How do I find the version of email I'm using?

I’m using Python 3.11 on Windows 10. I’m still fairly new to Python.

In my main program I’d like to display some version information for some of the modules. I use the email standard package to send email via SMTP but my email sending routine is in another library .py file I created and import into my main program. Here’s what I’ve tried to put in my main program.

import email
# (some more code)
---Module versions:
email v{email.__version__}
email.encoders v{email.encoders.__version__}
Pandas v{pandas.__version__}
Psycopg2 (Postgresql interface) v{psycopg2.__version__}
xlsxwriter v{xlsxwriter.__version__}

The version shows for the other packages but not for email or email.encoders. The error I get when I run this is “AttributeError: module ‘email’ has no attribute ‘__version__’”. I tried searching Google for a solution with no luck.

  1. Do standard libraries even have a __version__ attribute?
  2. If so, how do I display the version info for email?
  3. Am I misunderstanding something basic about modules?

Thank you!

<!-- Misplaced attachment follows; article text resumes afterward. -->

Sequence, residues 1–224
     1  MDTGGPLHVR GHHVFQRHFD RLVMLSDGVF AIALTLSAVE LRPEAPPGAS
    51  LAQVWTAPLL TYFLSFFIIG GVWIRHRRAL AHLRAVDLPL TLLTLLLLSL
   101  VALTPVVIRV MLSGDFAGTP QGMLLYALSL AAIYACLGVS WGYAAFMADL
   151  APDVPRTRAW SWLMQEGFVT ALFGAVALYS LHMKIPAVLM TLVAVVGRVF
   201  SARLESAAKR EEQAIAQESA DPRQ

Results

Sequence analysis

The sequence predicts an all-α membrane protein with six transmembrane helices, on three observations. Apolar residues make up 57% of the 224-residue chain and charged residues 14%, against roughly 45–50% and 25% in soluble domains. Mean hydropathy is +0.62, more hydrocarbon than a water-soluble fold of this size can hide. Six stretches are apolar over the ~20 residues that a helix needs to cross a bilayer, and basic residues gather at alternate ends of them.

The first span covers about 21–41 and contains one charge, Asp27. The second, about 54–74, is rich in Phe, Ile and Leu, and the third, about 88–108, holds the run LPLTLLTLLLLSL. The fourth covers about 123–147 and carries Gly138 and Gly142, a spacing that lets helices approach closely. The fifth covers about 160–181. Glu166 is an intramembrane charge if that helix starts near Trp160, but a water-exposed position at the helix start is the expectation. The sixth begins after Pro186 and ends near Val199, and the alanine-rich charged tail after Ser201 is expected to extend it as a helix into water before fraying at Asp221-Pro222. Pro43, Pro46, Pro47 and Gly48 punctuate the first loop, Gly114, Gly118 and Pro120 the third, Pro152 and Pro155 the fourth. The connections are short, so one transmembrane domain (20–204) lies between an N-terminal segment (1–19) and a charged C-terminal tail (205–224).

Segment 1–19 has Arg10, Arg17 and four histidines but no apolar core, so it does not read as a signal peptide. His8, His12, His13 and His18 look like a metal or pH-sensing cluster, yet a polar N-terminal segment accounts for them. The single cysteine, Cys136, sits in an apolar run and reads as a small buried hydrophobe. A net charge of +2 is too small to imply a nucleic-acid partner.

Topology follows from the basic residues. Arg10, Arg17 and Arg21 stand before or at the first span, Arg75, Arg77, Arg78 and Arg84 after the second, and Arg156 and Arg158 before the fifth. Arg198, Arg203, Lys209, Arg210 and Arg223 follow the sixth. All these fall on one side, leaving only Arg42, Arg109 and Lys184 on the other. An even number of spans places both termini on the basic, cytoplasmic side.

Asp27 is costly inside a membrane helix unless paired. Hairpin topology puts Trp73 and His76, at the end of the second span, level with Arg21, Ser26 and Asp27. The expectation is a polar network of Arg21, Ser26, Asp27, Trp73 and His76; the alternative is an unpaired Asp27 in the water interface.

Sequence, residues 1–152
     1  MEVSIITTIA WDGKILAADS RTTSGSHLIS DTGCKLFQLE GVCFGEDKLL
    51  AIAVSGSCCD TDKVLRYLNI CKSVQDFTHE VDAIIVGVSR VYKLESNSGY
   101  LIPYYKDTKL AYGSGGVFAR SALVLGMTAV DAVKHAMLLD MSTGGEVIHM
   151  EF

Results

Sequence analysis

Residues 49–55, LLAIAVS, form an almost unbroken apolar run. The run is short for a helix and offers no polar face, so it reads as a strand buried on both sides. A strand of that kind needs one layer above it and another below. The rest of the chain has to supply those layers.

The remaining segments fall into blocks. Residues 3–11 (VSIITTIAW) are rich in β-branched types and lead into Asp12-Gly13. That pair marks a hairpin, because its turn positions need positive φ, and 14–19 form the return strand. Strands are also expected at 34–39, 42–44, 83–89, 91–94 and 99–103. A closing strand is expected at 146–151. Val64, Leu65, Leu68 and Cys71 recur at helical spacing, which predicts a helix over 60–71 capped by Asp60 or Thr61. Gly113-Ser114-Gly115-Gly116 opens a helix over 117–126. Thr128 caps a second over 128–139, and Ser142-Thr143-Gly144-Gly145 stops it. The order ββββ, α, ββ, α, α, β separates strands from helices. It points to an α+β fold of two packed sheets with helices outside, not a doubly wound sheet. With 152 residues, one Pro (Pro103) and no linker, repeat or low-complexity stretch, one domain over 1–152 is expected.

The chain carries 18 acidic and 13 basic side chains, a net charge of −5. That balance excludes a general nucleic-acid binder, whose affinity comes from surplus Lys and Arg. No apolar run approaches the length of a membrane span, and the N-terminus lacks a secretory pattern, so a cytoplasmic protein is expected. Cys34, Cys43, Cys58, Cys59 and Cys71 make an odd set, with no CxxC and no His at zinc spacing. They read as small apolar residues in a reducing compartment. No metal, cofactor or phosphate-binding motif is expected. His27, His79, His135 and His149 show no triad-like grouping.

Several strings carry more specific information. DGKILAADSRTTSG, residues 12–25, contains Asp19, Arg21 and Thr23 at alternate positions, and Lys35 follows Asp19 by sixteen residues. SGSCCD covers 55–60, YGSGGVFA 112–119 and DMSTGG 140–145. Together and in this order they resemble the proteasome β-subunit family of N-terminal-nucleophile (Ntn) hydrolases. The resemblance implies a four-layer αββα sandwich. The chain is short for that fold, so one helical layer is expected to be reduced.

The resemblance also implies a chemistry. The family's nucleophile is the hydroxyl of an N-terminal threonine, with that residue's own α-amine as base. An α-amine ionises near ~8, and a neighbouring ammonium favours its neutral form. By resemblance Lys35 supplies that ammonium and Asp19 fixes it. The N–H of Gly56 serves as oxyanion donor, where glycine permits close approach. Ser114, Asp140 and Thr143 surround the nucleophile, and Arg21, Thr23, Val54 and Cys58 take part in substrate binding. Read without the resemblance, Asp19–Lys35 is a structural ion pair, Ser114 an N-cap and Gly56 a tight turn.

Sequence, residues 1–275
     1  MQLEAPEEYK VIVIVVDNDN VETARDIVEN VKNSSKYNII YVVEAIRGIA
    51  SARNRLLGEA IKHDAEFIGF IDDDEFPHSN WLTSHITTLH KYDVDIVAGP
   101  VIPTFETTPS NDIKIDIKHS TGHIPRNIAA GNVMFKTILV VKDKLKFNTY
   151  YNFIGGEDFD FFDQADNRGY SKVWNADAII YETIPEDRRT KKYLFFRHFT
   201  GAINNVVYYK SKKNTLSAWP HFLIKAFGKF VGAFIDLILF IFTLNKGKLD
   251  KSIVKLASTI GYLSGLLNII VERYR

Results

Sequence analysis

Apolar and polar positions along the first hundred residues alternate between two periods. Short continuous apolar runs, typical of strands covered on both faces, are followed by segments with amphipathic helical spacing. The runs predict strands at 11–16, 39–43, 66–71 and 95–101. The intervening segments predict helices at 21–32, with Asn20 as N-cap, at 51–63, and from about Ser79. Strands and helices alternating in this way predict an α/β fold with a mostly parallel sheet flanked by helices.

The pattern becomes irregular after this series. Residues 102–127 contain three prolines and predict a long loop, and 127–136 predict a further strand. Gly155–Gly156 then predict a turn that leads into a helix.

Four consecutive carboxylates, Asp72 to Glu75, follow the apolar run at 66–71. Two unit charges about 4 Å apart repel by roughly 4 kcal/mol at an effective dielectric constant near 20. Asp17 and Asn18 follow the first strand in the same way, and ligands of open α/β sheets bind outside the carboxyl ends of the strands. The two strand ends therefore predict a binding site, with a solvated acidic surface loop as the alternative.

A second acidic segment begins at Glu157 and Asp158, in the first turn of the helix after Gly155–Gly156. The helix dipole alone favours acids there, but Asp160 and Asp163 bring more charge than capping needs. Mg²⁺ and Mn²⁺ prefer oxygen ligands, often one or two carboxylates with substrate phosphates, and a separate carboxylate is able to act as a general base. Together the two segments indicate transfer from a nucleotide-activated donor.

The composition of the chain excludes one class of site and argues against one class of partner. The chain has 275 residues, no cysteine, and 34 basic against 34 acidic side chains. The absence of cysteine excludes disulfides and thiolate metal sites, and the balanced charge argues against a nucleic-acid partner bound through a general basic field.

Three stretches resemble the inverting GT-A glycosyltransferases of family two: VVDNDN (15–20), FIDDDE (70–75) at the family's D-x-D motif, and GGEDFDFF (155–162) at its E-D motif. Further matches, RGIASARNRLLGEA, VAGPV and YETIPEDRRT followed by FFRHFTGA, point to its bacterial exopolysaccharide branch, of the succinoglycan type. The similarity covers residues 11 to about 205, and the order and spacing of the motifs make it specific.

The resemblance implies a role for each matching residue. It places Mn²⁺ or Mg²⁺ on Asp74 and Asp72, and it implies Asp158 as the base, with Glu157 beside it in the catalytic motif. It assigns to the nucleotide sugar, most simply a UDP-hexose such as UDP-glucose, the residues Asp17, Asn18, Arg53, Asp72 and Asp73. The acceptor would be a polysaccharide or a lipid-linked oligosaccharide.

No, the existence of a __version__ attribute is not prescribed in any way. Even for 3rd party packages it only sometimes exists. For stdlib packages it also doesn’t really make sense since updates of the stdlib are tied to updates of the python version, so you can just use the python version as a proxy.

If you’re concerned about whether the email module is really the one from the Python version that you expect, the easiest way to check would be to look at its __file__ attribute, which tells you the file name that it was loaded from. Any mismatch with your Python version should be obvious from that.

In general, no. That’s because they’re updated in lockstep with the Python version.

A few do, like json, because they were originally third-party and the third-party developer chose to add one. The version number reflects what version was brought in - but AFAIK it doesn’t get updated in any way if there’s separate maintenance by the dev team. (After all, that would be no more truthful.)

There is no special meaning to such an attribute, as far as either Python or the packaging ecosystem are concerned. You can possibly give it meaning by making your build tools check for it and use it. But the authoritative version for third-party packages comes from importlib.metadata.version (or the .version of a pkg_resources.get_distribution result), which uses the PyPI distribution name, not the import name. And the authoritative version for standard library packages doesn’t exist, unless you count the corresponding Python version.